Thursday, February 28, 2013

Authentic Reading and Writing Communities

Last weekend, I was lucky enough to not only attend, but also present at the amazing Dublin Literacy Conference (#dublit13).  While I've presented twice at the Central Ohio Technology Summit and organized informal SMARTboard and Moodle sessions with colleagues, this was by far my most "official" event.

COTS is free, very local, and very low-key (yet still very wonderful!), while teachers drive for hours and pay a substantial registration fee for the Lit Conference.  Moreover, there are incredible keynote speakers (Ralph Fletcher & Louise Borden this year, and Donalyn Miller & Sharon Draper last year!), as well as other sessions with other famous teachers and authors!  (Husband made fun of me when I said there were "famous teachers," but it's true!)

Consequently, I woke up on Saturday morning with almost as much energy as I have on a Christmas morning and started sweating buckets as soon as I arrived at the conference.  This might sound like I was nervous, and I was a little, but mostly I was excited. I know some people don't really enjoy presenting, but I love it!  I love to share my ideas and help people find new strategies to improve their teaching, because I love learning so much.  I also think it's really fun to meet other teachers and connect with them.

Since this was a fancy conference, I even got my very own "presenter" ribbon.  I'll admit that I felt pretty proud of myself wearing it around all day!  Best part: when I was getting Ralph Fletcher to sign my classroom copy of Guy Write for my students, he noticed my "presenter" ribbon and said "Oh, I see you're a fellow presenter!"  A fellow presenter! I almost died!  My tiny little session didn't exactly compare to your keynote speech, Ralph!

Anyway, I had a wonderful time sharing ideas about engaging my ELLs with authentic reading and writing communities.  In addition to discussing how I use Goodreads and Kidblog with my students, I showed some examples from our reading and writing workshop discussion forums on Moodle. I also shared some of the resources I provide to engage my students as readers and writers, like  RSS feeds and widgets with news articles and the "writing inspiration" page I created.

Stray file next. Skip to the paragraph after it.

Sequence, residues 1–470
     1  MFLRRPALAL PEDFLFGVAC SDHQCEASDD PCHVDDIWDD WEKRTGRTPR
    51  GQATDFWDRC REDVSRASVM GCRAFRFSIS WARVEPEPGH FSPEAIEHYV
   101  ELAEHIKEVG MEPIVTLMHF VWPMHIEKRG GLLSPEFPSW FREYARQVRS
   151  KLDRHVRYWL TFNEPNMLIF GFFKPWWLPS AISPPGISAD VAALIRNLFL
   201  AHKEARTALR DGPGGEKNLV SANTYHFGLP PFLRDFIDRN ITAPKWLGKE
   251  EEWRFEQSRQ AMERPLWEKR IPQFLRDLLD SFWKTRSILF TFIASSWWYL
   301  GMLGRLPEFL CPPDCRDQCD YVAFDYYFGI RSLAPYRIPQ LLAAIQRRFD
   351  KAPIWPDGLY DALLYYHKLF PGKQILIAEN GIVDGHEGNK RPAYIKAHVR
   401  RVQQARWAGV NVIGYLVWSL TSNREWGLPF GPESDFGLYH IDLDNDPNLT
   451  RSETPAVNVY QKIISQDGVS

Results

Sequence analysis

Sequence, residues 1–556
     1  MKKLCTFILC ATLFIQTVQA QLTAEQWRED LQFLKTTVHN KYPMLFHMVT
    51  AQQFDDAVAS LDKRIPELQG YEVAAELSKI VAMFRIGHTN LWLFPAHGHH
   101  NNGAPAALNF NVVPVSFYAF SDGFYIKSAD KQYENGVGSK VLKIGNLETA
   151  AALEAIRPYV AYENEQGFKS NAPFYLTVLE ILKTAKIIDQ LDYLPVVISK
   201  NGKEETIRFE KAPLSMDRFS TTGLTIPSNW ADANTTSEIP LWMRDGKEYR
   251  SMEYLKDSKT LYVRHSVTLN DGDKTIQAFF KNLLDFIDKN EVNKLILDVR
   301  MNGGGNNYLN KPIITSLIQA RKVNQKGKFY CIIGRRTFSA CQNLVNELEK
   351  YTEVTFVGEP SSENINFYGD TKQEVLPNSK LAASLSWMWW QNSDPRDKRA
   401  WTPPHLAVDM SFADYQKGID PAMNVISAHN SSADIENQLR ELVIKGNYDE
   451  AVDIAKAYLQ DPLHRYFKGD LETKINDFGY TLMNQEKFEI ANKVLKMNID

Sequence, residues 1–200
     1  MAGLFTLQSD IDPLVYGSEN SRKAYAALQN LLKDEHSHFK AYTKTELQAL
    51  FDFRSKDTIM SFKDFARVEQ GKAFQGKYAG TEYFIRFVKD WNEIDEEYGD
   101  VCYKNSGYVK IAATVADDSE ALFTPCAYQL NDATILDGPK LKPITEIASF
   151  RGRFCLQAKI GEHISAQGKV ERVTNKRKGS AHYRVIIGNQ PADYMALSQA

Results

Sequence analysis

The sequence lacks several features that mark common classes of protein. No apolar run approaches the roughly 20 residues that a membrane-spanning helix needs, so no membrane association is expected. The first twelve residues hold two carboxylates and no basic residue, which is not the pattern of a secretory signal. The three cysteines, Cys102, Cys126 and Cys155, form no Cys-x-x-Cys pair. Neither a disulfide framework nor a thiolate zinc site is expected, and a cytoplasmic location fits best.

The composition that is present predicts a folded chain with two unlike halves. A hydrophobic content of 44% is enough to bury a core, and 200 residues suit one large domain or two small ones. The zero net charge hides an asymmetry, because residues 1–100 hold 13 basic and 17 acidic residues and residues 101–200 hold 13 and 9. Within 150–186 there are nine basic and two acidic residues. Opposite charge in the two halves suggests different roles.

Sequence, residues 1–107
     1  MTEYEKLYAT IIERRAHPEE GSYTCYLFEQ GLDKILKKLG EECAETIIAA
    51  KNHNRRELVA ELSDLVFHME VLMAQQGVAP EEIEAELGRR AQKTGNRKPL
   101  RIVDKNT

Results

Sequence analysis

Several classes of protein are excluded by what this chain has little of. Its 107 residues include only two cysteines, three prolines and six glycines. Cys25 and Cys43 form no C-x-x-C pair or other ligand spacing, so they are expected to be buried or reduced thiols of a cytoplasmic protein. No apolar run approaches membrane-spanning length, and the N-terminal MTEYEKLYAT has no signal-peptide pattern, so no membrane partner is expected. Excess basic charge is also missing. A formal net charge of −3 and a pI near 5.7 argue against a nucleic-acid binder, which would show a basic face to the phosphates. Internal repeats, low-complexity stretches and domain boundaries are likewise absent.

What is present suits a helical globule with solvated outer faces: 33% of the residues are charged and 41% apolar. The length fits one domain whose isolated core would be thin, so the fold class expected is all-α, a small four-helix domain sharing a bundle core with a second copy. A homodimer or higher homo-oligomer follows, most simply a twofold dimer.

To me, the most important evidence that these tools are effective is the fact that students use them voluntarily outside of school.  When I give a book talk and my students are adding the book to the "to-read" lists on Goodreads from their phones and iPads, that's authentic engagement.  When I visit my school Goodreads account or go to our blog and find that someone has voluntarily used them after school, that's the best feeling in the world.

After all, I want my students to learn while they're in my class, but I really want them to keep learning after they leave my class.

Tuesday, February 26, 2013

The Good Old Days (Ralph Fletcher)

at Two Writing Teachers!
Last weekend, I got to attend the Dublin Literacy Conference, an incredible day of professional learning organized by my district.  I'm so proud that I teach (and that I graduated from) a district that puts on such an exceptional event that people come across Ohio (and even from other states!!!) to attend.  (You may have seen the tweets at #dublit13!)

Last year, I was blown away by the amazing learning I came away with (and the fact that I got to meet Ruth Ayres!)  This year, the highlight was an inspiring keynote from Ralph Fletcher.  My favorite part was that he provided an opportunity for us to experience what it's like to write with a mentor text.  He showed us one of his poems, "The Good Old Days," and then gave us a few minutes to write our own poem, using the first and last stanzas of his.

Since I loved to write poetry, it was really easy for me to create a poem with the same structure and a similar feel.  This is what I came up with: (remember, the first and last stanzas are Ralph's!)

Sometimes I remember
the good old days

tromping through the creek,
muddy and laughing.

Baseball in the backyard
with my daddy's sure pitches,

barefoot in the garden,
my small rake in time with his.

Cutting tomatoes for spaghetti sauce,
my mom's smile hovering over my shoulder.

I still can't imagine 
anything better than that.

Helping Daddy in our old backyard!
After we wrote, Ralph called on a few volunteers to share their poems.  It was so much fun to hear how other people had used the same structure and themes to create something new.  Ralph pointed out how different people borrow different elements of a mentor text depending on who they are as readers and writers.  For example, some writers might just borrow the specified lines, while others might borrow the structure, the tone, the way the lines begin, and even the topics of some of the stanzas (i.e. a "mom" memory in the same place).  I don't think I would have realized that if he hadn't pointed it out, and it's an important idea to keep in mind when we use mentor texts with students!

I can't wait to "see" you all for the March Challenge!!!

Tuesday, February 19, 2013

Wild Weather

at Two Writing Teachers!
We've been playing with figurative language in my Intermediate and Advanced classes, which has been a delight!  Perhaps that's why the crazy weather from the past 24 hours appeared to sweep by me like a parade of wild animals, who then romped from my brain down through my fingers into a poem!